Crucifix.

Crucifix.

Crucifixion.

We contemplate the former to understand the latter. And for me there is always a crucifix; the vision of a limp silver chain slack across a dying man’s chest; sweat sticking that crucifix to that dying man’s body.

Back in the day, I kept a “catharsis journal;” a smattering of notes-to-self I secreted away, hoping to banish the mental devils who would linger in the wake of a bad day for me as an EMT (and a worse day for my patient). For some reason, the crucifix had never landed in that now-ancient bit of personal history.

Yet like the standing rib roast we found in a toasted, burnt out gas tanker or the woman calmly talking with the stick shift impaled, this is is a vision that has not, and seemingly will not, depart my memory so long as I am sane: Sweat, silver, skin. Crucifix.

It was there in dear Reserve, mountain hamlet; full of all the love and strife of a small town in nowhere, New Mexico; a wonderful place to live and a hard place to die if death does not come swiftly. For it is 105 miles to a hospital that boasts a doctor actually present, and that over twisting, potholed mountain highways. And if you want a level 1 trauma center, then it’s a good 5 hours for the fixed wing to dispatch, fly there, collect the patient, and return to Al-B-Q. Best of the bad bets: call the medflight helo and drive like hades for Datil, 45 miles north of town and as far as the helo can fly from Albuquerque and return without refueling. Which it has to do, as there ain’t no AvGas in Reserve, NM.

And that was our choice one spring day, circa 1993 or so; paged out to a construction accident off a lazy, winding village road that led to a small subdivision atop a mesa. The guy on the asphalt roller had rolled a hair too close to the edge; the edge crumbled; the roller rolled; without a roll cage, caught in his seat, 16 tons, 32,000 pounds of yellow steel and rusty rollers rolled over, and over, and over. A good 80 yards into the ravine; at some point man and machine parted.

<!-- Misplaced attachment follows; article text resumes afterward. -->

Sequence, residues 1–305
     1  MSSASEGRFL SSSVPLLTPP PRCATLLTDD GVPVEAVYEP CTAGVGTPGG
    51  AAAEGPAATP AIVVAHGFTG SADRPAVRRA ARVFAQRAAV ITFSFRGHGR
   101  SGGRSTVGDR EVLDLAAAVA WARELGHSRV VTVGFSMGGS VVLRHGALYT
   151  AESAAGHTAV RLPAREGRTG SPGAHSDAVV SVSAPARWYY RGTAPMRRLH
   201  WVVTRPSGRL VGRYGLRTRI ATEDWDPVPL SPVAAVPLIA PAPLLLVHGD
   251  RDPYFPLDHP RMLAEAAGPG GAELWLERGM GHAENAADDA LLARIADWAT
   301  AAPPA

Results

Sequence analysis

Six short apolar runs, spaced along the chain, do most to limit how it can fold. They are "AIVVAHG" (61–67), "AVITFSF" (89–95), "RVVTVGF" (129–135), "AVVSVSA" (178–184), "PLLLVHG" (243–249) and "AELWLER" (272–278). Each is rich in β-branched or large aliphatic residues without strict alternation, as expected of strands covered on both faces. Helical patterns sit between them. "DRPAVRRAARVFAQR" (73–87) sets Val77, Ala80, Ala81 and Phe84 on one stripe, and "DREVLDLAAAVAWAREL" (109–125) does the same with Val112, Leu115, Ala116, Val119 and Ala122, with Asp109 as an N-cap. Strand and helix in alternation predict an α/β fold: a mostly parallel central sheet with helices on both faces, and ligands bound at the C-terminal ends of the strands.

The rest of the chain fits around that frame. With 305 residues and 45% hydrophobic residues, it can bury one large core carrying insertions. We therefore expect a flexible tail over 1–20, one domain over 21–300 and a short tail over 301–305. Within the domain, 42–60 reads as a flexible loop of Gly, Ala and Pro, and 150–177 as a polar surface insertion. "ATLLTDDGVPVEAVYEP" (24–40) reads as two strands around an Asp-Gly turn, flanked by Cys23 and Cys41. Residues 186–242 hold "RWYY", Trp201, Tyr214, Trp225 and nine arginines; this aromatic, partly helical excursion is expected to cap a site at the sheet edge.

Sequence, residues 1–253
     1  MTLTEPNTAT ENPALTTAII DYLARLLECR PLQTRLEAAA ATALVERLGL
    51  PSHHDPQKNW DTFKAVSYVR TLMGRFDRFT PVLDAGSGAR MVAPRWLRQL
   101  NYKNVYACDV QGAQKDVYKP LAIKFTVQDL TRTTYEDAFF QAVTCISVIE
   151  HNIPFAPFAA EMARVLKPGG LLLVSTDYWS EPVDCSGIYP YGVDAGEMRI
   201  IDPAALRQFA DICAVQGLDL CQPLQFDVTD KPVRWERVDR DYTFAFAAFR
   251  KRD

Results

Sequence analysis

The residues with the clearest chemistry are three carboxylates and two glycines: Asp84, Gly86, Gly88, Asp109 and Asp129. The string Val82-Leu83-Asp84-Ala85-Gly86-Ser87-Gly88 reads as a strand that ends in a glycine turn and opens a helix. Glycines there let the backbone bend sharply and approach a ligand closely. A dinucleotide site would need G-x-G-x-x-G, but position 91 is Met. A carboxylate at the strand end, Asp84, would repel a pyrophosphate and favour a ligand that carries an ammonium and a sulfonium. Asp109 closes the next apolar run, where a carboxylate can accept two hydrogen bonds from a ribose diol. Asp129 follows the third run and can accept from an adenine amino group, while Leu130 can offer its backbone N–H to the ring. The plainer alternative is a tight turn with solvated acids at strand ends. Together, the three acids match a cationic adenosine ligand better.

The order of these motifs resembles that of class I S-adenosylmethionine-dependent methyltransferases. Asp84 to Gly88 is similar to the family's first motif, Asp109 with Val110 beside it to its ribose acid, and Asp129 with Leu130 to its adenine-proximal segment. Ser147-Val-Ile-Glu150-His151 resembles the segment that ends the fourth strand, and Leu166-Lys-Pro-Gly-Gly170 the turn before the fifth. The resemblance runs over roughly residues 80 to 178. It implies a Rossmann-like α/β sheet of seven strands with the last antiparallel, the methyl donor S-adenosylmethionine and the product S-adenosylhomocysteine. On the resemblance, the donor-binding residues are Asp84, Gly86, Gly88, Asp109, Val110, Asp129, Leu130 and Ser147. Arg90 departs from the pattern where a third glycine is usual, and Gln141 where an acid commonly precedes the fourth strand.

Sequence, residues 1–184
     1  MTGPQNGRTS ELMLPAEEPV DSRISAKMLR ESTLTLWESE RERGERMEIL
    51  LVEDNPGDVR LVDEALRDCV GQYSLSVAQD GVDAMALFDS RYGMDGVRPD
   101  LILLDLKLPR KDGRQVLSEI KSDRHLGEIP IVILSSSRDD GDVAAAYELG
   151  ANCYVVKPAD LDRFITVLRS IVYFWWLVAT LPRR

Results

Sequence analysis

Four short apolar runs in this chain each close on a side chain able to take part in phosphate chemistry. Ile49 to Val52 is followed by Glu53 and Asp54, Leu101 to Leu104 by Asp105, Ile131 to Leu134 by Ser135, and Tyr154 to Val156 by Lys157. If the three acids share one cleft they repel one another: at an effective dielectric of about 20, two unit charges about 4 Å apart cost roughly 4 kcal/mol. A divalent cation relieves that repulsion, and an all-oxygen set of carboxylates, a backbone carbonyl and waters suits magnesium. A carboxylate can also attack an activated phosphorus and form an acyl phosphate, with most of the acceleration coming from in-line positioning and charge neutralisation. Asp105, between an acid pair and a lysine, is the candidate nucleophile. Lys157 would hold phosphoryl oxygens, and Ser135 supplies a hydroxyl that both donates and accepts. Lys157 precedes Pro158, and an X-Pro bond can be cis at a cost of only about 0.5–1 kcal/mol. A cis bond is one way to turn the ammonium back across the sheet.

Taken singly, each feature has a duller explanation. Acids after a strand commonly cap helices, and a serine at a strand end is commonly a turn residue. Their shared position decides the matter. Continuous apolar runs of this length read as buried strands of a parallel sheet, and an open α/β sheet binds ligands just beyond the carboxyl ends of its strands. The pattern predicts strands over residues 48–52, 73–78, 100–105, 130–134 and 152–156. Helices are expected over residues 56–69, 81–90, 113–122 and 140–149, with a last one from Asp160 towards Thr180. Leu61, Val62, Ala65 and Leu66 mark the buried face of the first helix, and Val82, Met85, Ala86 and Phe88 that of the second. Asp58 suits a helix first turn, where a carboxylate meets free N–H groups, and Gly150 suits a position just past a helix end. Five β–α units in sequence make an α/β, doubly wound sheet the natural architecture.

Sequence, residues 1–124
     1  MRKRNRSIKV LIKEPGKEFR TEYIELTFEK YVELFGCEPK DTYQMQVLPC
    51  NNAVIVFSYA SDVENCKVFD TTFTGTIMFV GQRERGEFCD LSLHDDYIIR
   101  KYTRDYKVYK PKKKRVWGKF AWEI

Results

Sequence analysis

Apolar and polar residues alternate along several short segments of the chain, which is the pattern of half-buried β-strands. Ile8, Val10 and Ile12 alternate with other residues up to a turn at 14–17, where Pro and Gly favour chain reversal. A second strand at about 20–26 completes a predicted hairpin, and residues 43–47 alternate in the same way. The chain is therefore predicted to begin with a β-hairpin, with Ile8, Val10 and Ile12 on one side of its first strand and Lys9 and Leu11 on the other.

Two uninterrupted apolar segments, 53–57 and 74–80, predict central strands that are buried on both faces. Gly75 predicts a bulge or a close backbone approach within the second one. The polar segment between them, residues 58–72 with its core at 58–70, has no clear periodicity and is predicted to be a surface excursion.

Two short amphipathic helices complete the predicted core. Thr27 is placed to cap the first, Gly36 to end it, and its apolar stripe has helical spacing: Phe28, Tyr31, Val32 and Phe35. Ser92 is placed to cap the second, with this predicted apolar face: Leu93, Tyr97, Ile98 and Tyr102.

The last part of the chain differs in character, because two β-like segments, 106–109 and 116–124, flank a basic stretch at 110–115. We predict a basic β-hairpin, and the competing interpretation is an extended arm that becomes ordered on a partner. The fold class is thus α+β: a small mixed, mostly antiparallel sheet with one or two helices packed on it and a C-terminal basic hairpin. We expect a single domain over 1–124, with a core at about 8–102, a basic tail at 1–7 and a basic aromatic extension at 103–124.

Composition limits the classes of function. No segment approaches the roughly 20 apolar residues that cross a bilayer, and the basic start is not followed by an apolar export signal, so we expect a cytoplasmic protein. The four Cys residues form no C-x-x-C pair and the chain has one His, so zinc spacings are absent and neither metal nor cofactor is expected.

So we found our patient; so began the long run to a crucifix.

In many ways, it was a good run; plenty of help, good gear, new ambulance, decent access despite having to haul him uphill. It did take a while to package him-this was the only patient I ever had where it was easier to list the half dozen bones that weren’t broken than those that were. By every right, his life should have been crushed out of him; yet there he was, conscious, and consciously in unspeakable agony.

We packaged, heaved, hauled; off we squalled in a fury of lights, siren, and surging diesel; by luck Doc Heinekamp was in town and we yarded him aboard, the better to cut down to the carotid and start a serious direct IV line, then two.

But if a lowering barometer foretells bad weather, a rising tide of discarded wrappings, tubing, needles, bandages, splints, you-name-it, metastasizing on the floor of the ambulance forecasts a bad run.

As we rolled, he fought; as he fought, the debris piles at our feet mounted higher. I can never say just what it means to “fight”, but I watched a lot of patients fight, and the fighters mostly lived. Those that didn’t fight either weren’t really hurt, or they weren’t really patients for very long before they became merely a corpse.

This. Man. Fought.